We do not have to look far to see the application for today. Our world teaches us to avoid pain, to take the easy way, the path of least resistance. Avoid sacrifice. Why give all that money to the church when you can spend it on a new fishing boat. Why spend the rest of your life with the same mate? Go out and find yourself someone new – after all you only live once. You deserve to be happy. What is the result? We are living in a country with children whose lives are being destroyed because of their parent’s selfishness.
3. The Temptation to not believe it until you see it by testing God
The devil took Jesus to the point of the temple roof that overlooked the Kidron Valley, which is about a 450 ft. drop. Whether he took him there physically or in a vision we do not know. But once there he made Jesus very tempting offer. Having seen Jesus defeat him two times by quoting Scripture, Satan now quotes it himself, for his own purposes
“Then the devil took him to Jerusalem, to the highest point of the Temple, and said, “If you are the Son of God, jump off! For the Scriptures say, ‘He will order his angels to protect and guard you. And they will hold you up with their hands so you won’t even hurt your foot on a stone.” Luke 4:9-11
Satan misquotes the promise of God, it was right as far as it went, but he did not quote it all. For Jesus to have supernaturally survived a fall from the pinnacle of the temple in the full view of the people would have immediately identified Him as the Messiah. But it would have insisted that God “show” that you love me and is a test of God. This would be the equivalent of saying to God –“I won’t believe in you until I see you SHOW it to me by MY terms.”
“Jesus responded, “The Scriptures also say, ‘You must not test the LORD your God.” Luke 4:12
But Jesus understood to start His ministry by dramatically jumping from the pinnacle of the Temple would be completely contrary to the will of God. To do so would be to test God. Jesus refused to take this shortcut.
There are many subtle ways that we can put God to the test. We may not jump from the top of the church – but we do it in other ways. We do it when we not put the worship of God and attendance at church as a priority – and yet we expect God to keep our children on the right path – that is putting God to the test. We do it when we dive into a path of our own choosing and then cry out to God to bail us out. We do it when we test the boundaries of known sin. God says, “Here is the line,” and see how close we can get to that line. Then we are surprised when we fall. Then we blame God. But it happened because we tested God.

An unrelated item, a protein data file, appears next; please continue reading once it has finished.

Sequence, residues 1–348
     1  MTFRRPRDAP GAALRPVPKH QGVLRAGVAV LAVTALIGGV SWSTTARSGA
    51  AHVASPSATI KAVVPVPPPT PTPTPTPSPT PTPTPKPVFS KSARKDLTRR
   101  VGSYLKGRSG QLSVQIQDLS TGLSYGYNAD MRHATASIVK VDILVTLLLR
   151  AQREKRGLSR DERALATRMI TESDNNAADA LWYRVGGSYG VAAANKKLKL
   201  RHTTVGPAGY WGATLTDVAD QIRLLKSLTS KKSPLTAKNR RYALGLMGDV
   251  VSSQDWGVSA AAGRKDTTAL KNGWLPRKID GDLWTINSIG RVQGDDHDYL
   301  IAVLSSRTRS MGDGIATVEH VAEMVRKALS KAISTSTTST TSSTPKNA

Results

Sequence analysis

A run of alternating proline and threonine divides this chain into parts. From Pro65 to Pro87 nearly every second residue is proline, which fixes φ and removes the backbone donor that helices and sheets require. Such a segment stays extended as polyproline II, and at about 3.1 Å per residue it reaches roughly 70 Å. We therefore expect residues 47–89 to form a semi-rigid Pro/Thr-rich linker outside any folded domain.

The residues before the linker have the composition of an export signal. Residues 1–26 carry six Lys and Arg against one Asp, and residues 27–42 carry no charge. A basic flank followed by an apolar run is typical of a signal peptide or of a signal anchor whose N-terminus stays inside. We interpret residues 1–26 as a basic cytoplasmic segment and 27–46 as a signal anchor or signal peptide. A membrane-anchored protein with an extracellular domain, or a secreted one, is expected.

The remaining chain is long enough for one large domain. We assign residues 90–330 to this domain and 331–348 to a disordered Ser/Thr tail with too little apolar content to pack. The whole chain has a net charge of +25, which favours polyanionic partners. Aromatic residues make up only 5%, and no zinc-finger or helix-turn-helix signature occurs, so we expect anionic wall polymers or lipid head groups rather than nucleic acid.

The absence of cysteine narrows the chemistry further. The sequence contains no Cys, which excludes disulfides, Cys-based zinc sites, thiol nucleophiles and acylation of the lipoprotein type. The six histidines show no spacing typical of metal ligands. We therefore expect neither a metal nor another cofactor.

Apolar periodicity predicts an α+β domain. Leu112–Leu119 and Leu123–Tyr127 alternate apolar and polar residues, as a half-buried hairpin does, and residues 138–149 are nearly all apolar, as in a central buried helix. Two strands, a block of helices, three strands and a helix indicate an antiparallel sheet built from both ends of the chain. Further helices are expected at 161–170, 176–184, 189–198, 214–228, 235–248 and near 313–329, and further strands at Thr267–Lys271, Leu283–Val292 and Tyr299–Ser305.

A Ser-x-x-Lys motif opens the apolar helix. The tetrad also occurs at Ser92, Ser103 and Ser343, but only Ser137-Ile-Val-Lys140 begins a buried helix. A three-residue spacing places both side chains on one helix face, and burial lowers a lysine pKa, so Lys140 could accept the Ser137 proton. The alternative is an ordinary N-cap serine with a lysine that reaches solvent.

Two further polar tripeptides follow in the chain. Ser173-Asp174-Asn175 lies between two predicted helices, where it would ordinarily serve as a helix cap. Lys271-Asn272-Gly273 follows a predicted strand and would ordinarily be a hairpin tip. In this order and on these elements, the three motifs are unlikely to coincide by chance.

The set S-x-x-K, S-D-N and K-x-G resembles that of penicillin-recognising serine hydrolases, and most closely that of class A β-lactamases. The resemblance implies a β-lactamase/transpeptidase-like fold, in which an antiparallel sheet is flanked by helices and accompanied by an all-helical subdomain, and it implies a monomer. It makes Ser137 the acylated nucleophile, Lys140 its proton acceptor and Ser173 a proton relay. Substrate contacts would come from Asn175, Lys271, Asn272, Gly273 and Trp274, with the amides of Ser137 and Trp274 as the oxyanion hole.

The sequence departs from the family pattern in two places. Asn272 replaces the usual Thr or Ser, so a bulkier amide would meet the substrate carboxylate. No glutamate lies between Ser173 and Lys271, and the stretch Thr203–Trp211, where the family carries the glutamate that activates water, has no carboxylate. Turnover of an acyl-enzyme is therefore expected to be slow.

The one thing common to all three temptations is that they attempted to distract Jesus from his mission or destroy his relationship with His heavenly Father.
Don’t miss the truth given in verse thirteen, “When the devil had finished tempting Jesus, he left him until the next opportunity came.” This verse says that “when the devil had finished tempting Jesus” – the temptation was “finished” when he carried it to completion and every avenue of attack was employed. When it says that the Devil “left Him” the Greek is much more blunt it says he “stood off.” This battle was over but he had not given up.
Margaret Thatcher, the first woman prime minister of England stated, “You may have to fight a battle more than once to win it.” This verse reveals that the Devil will always be lurking in the shadows, watching, waiting for the next vulnerable moment.
Let me give you some closing observations about this event in Jesus life. Many of these come from the writing of Phillip Yancey in his book, The Jesus I never Knew.
„X When John Milton wrote the sequel to his epic Paradise Lost, he made the temptation, not the crucifixion, the hinge event in Jesus effort to regain the world. It was in a garden that Adam and Eve had fallen for Satan’s promise of a way to rise above their assigned state. Thousands of years later – the Second Adam, as Jesus is referred to in scripture by Paul, faces a similar test. Instead of can you be like God, Jesus test was can you be human?
„X It is interesting that understanding there were no eyewitnesses to this story all the details came from Jesus Himself. He felt the need to share this story so that we might gain insight from it.
„X Malcolm Muggeridge came to the conclusion that the temptation revolved around the question uppermost in the minds of Jesus’ countrymen: What should the Messiah look like?
A People’s Messiah who could turn stones into bread to feed the multitudes?
A Torah Messiah, standing tall at the lofty pinnacle of the Temple?